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His Christmas Violet: A Second Chance Regency Romance is a Christmas in July Fete pick #regency #ku


His Christmas Violet: A Second Chance Regency Romance


Regina Jeffers


Regency romance, second chance romance, historical fiction, Regency historical, women authors, novella, classic literature and fiction

Book Blurb:

Sir Frederick Nolan stayed true to his late wife through all their years of marriage, but now he is widower and has waited the proper mourning period, he sees no reason he should not finally know the happiness of having Lady Violet Graham at his side. He meant to marry Violet when he was fresh from his university years and she was but a young lady; however, the realization she was perfect for him had come too late, and Violet had already accepted the proposal of Lord Graham.

Lady Violet Graham never strayed from the love she held for Sir Frederick, but she had proven herself a good wife to her late husband, serving dutifully as Lord Giles Graham’s chatelaine and presenting him three sons. Now, her widow’s pension and the use of the dower house will provide her the only freedom she has ever known as a woman. She cannot think to become another man’s “property,” even when that man is the only one she has every loved. Enough is enough when it comes to having no voice in her future.

They have been in each others’ pockets, so to speak, since they were children, but how does Sir Frederick convince Lady Violet to marry him, when she is most determined never again to permit any man dominion over her person, even though they both know they would be great together?


Sir Frederick stopped before her, removed his hat and bowed. “Good afternoon, my lady. Mrs. Bowers,” he said politely. “Might I join you?”

Emily responded before Violet could gather her wits about her. “Please do, sir.” Violet noted Emily’s use of coquettish tones, and she turned to her friend to present Emily a “how dare you” glare, but Emily was too busy batting her eyelashes at Sir Frederick to take note of Violet’s disapproval. Thankfully, Frederick had yet to present Emily more than a cursory glance. Instead, his attention had landed fully on Violet, and she resisted the urge to squirm.

He adjusted his chair and sat between her and Emily before motioning the owner to deliver a fresh pot of tea. “And what are you ladies doing in town?”

Violet said, “I was just about to ask the same of you.”

He smiled at her. “I came to speak to my man of business and thought I might also call in at the stable. You see, my lady, I am seriously considering in acquiring both a new horse and a new wife. I wish to make certain the lady will be provided for properly.”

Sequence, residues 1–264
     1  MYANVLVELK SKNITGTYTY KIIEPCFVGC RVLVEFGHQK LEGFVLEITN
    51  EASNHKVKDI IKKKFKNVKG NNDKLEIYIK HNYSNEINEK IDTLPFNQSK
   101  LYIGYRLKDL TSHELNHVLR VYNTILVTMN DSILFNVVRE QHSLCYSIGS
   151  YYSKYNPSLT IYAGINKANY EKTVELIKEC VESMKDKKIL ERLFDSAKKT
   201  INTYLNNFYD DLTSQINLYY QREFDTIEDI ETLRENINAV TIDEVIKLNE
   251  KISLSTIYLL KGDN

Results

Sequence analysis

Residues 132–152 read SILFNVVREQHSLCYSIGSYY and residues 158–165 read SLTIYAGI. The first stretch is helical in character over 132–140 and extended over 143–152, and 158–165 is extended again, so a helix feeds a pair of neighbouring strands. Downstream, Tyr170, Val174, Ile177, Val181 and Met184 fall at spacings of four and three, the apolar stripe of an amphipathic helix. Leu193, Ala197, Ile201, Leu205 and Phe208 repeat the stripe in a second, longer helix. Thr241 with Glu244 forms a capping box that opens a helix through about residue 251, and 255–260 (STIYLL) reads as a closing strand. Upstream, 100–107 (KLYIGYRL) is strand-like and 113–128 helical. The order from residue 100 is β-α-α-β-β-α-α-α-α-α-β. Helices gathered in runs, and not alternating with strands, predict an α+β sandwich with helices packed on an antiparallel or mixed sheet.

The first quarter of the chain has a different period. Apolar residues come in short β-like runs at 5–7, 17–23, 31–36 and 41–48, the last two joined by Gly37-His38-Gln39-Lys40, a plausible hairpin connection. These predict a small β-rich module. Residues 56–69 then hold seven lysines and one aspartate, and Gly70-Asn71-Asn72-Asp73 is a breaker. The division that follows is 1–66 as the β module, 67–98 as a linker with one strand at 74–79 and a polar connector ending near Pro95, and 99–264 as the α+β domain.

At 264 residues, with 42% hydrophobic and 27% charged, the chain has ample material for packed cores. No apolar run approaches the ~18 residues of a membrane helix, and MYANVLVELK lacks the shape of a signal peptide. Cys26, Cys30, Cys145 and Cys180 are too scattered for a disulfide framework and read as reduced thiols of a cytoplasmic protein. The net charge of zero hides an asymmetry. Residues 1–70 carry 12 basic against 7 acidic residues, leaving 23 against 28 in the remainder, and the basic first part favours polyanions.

His news was a shock for Violet, but, before she could compose her thoughts, Emily asked, “You have already chosen a new mate?” Her friend appeared quite dumbfounded by the possibility.

“I have, ma’am,” he said simply.

“Have you made an offer of your hand?” Emily continued to question him.

He glanced to Violet, but appeared quite satisfied in answering Emily’s inquiries. “I have yet to win the lady’s permission to court her, but I pray she will agree. She is the only woman I might consider marrying.”

“I . . . I see,” Emily stammered, as she gathered her belongings. “Then . . . then I wish you success, sir.” She turned to Violet. “I despise leaving so suddenly. I just took note of the time and realized I promised Mrs. Williams I would call upon her today about the charity’s need to assist the poor.”

Violet knew Emily had already called upon the vicar’s wife on this day, but she assumed her friend knew a bit of mortification for flirting with a man who meant to marry another. “I am sorry you must leave so soon. I shall send a note around later in the week, and we may continue our conversation then.”

Emily nodded her agreement and rose quickly. Frederick also rose to bid her a ‘“Farewell,” and within seconds Emily was gone.

“That was odd,” Sir Frederick said as he resumed his seat. “Was it something I said which offended her?”

Violet frowned again. “Emily is at sixes and sevens since her widowhood. The Williamses provide her counsel, and she finds the church’s charities worthy of her time.”

Frederick tilted his head in serious consideration. “Then she was truly flittering with me? I assumed so, but I did not want to appear presumptuous.”

“Some women are lost without a man’s guidance,” Violet observed.

The tea arrived, and their conversation paused until they were alone again.

“I assume you are not one of those women,” he observed with a lift of his brows.

“If you are asking if I ever see myself remarrying, I would be remiss if I did not dissuade you or anyone else foolish enough to ask. Lord Giles Graham was a good man, but you and I are both aware my late husband was also a very regimented man, who despised any sort of spontaneity or disorder. You have known me since I was a child and will likely realize ‘perfect order’ was often difficult for me. Therefore, I do not wish to place myself under the rule of another man.”